Issuing shares is usually a very straightforward process for small companies, especially when a company is set up with just one shareholder or a few shareholders who have equal ownership.
However, if you have decided to set up a private company limited by shares, you will need to make a number of important decisions and ask yourself a few questions relating to shares:
- How many shares should I issue?
- What type of company share is best?
- How much should each share cost?
Most businesses are set up with a view to making a profit for the benefit of their owners. This is why the majority of limited companies are ‘limited by shares’, which means they are owned by one or more people, known as ‘shareholders’. Each shareholder owns at least one share and is entitled to a portion of any profits made by the business.
How many company shares should I issue?
The number of shares you issue during the company formation process will depend on how many shareholders your company has, and whether you plan to bring in new investors in the future.
Before issuing shares, it’s also important to be aware of liability. A company’s share capital, which is determined by the total number and value of issued shares, represents the limited liability of its shareholders, Therefore, the more shares you issue, the higher the financial liability of shareholders in the event of insolvency. With this in mind, it’s best to avoid issuing a large volume of shares when you do not have to.
Setting up a company on your own
If you’re setting up a limited company on your own, you will be the sole shareholder and director. In this type of situation, it is commonplace to issue just one ‘Ordinary’ share to yourself. This one share will represent 100% of the company, which means that you will have full ownership rights and be entitled to receive all of the profits.
If you are planning to bring in new shareholders at some point in the future, you may wish to issue more than one share during the company formation process. You will own all of these shares initially and then sell some of them when need be. Alternatively, you can wait until after company formation to issue new shares.
Setting up a company with other people
If you are forming a company with other people, you will need to issue at least one share per shareholder. It may be the case that one person holds more shares than others, depending on the amount of initial investment, as well as voting rights, profit entitlement, and their overall involvement in the business.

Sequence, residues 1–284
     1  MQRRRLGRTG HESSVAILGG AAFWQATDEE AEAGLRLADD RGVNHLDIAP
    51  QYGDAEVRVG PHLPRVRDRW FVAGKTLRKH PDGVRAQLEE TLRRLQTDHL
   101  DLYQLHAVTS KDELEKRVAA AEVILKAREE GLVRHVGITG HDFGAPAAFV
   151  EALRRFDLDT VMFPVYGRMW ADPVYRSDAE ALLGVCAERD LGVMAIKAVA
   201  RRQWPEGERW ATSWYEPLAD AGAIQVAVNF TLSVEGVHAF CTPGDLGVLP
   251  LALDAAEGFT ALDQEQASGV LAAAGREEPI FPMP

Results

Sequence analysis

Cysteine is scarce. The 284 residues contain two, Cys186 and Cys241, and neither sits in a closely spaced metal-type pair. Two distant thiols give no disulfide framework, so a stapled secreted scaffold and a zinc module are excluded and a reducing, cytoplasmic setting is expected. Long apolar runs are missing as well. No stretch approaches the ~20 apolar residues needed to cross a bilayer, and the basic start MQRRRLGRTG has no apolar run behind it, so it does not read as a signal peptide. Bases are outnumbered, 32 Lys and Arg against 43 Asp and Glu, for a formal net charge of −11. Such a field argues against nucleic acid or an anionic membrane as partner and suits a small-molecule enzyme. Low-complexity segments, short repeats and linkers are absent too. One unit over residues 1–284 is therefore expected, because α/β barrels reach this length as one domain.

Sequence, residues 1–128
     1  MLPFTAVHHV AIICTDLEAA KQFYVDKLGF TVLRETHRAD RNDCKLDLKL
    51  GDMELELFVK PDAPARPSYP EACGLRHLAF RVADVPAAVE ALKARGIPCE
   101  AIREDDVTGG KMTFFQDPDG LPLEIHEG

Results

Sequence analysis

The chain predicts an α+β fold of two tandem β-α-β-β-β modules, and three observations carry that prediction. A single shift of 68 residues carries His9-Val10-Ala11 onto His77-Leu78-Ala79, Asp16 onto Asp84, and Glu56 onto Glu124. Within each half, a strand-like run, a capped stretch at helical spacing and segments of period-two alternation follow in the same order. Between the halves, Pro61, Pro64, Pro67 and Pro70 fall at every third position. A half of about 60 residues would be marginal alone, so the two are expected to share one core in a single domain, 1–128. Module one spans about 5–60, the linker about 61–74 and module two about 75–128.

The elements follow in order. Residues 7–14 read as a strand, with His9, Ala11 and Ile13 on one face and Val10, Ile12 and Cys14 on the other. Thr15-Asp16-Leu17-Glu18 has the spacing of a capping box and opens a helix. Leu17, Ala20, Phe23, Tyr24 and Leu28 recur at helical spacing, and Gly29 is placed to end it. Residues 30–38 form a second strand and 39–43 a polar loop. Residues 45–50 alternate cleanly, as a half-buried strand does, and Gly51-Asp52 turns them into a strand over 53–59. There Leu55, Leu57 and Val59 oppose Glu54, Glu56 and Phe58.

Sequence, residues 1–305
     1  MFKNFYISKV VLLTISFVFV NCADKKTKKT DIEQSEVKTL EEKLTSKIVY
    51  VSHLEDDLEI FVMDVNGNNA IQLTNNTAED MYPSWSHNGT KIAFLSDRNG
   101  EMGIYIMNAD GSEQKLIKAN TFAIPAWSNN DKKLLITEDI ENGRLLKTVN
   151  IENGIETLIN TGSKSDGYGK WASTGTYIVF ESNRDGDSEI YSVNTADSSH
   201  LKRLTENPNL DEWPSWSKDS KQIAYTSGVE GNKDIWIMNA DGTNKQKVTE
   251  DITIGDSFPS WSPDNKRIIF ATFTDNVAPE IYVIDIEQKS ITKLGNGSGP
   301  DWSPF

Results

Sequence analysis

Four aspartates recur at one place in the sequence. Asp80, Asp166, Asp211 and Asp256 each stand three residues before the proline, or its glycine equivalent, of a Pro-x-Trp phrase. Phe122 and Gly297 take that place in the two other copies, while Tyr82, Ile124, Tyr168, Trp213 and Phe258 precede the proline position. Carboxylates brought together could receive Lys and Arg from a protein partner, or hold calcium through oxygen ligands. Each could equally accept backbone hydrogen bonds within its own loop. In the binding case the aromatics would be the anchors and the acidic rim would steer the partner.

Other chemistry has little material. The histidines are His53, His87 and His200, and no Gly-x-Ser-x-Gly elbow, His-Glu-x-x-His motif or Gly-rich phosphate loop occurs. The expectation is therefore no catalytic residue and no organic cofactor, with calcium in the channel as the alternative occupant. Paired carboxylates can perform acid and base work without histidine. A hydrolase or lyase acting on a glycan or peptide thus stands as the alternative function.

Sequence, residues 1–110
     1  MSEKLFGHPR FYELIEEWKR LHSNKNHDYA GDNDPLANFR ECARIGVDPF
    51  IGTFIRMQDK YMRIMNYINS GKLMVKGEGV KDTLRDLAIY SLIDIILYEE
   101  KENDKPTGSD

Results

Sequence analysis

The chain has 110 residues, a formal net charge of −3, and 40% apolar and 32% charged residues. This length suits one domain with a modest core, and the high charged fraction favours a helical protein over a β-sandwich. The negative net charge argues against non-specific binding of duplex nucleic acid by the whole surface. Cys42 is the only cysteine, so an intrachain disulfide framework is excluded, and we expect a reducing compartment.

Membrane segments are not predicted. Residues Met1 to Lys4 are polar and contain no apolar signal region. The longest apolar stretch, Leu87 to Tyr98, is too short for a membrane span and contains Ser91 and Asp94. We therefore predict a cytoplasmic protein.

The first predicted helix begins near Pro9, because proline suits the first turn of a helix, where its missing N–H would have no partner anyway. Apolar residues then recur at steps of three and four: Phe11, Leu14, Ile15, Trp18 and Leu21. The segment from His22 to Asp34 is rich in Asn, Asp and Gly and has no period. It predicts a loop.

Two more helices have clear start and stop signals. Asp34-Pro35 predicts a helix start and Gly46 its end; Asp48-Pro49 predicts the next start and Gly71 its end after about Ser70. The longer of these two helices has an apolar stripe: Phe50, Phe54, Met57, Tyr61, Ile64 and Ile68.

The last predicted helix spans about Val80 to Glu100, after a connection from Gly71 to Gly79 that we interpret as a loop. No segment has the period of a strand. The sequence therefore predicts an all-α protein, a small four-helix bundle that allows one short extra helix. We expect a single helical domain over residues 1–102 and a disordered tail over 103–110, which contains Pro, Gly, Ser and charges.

What type of company share is best?
Most private limited companies only issue Ordinary shares. This class (type) of share provides one vote per share, with each share carrying equal rights to dividends (profits). If you set up a company with ‘Model’ articles of association, you can only issue Ordinary shares.
Many other classes of shares are available, each of which confers different rights to shareholders. You may need or wish to issue different classes of shares if you plan to raise equity finance from outside investors, prioritise dividend payments to certain shareholders, vary voting powers of particular shareholders, protect against hostile takeovers, or offer shares to employees.
To find out more about issuing different types of companies shares, read our comprehensive blog Understanding Limited Company Shares.
How much should each company share cost?
When a company issues shares, a nominal value is attached to each share, which is usually £1. This nominal value is the minimum price that the shareholder agrees to pay for the share. It also represents the extent of the shareholder’s liability per share toward the debts of the company.
Normally, shareholders have to pay for their shares as soon as they are issued. However, depending on a company’s articles of association, it is sometimes possible to pay for shares at a later date.
If you decide to sell your shares or issue more shares after incorporation, you will need to work out the market value of these shares. The market value will likely be higher than the nominal value, because it will be based on the company’s worth. In such instances, it is advisable to seek professional advice to ensure an accurate valuation of your company and shares.